I Aim to Misbehave – The Confusing Gender Politics of Firefly

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Image Source: vodzilla.co

Warning: Spoilers ahead, potentially offensive language, and mention of sexual violence.

Let me be upfront about this: I think the space western Firefly might be the greatest television show to ever be axed before its time, and its sequel Serenity is a damn fine movie. Yes, I’m willing to die for these beliefs, though that ain’t exactly Plan A.

However, as much as I love Firefly, I’m often left with a not-so-shiny and unsettling disquiet in regards to the roles of women in the ‘verse and the roles available to women in Firefly.

When a bounty hunter sneaks onto the ship, he beats Mal senseless, and threatens to shoot Simon. But what does he do when he encounters Kaylee? He ties her up, and says that if she screams for help or alerts the others, he will rape her.

The threat of rape is pervasive in this show, and often comes up in relation to the Reavers, insane cannibal pirates who roam the edges of known space. As if it’s not enough of a threat that the Reavers will kill and eat those that they capture, it’s stated repeatedly that they also rape their victims. There was a disturbing proposed episode that wasn’t made, in which Inara is captured by Reavers, but I’m going to refrain from critiquing what we know of episodes that never got made. Instead, I’m sticking to what we have.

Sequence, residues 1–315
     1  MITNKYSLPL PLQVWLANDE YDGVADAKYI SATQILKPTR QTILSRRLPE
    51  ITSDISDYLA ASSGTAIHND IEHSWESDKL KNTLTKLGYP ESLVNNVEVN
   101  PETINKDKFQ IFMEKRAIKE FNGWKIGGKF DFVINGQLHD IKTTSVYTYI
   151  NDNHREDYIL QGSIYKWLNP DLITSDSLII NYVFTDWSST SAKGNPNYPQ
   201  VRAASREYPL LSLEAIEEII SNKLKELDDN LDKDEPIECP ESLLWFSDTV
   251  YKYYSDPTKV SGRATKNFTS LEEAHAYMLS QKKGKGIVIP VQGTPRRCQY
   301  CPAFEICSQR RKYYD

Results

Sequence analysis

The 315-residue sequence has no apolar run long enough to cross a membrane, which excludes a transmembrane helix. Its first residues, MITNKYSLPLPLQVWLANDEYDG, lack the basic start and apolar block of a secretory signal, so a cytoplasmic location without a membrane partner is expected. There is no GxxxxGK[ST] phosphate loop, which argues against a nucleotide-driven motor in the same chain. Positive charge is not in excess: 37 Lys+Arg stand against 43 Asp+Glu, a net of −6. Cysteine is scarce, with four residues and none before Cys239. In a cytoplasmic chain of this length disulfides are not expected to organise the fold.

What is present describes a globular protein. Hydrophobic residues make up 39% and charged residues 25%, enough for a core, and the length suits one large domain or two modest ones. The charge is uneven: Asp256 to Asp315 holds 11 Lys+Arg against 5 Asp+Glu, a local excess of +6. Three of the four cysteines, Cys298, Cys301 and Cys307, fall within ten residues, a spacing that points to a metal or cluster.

Interestingly, the criticism I’m about to make is (mostly) unapparent by just looking at the crew of Serenity itself. Zoey is the second-in-command, a gun-toting veteran and decision-making badass, who isn’t emotionally removed or cold, and her marriage with pilot, dinosaur play expert, and “leaf,” Wash, is a playful dynamic of equals. Zoe is an African American woman in a position of power, who gained that position through skill, and because she is truly the best person for the job.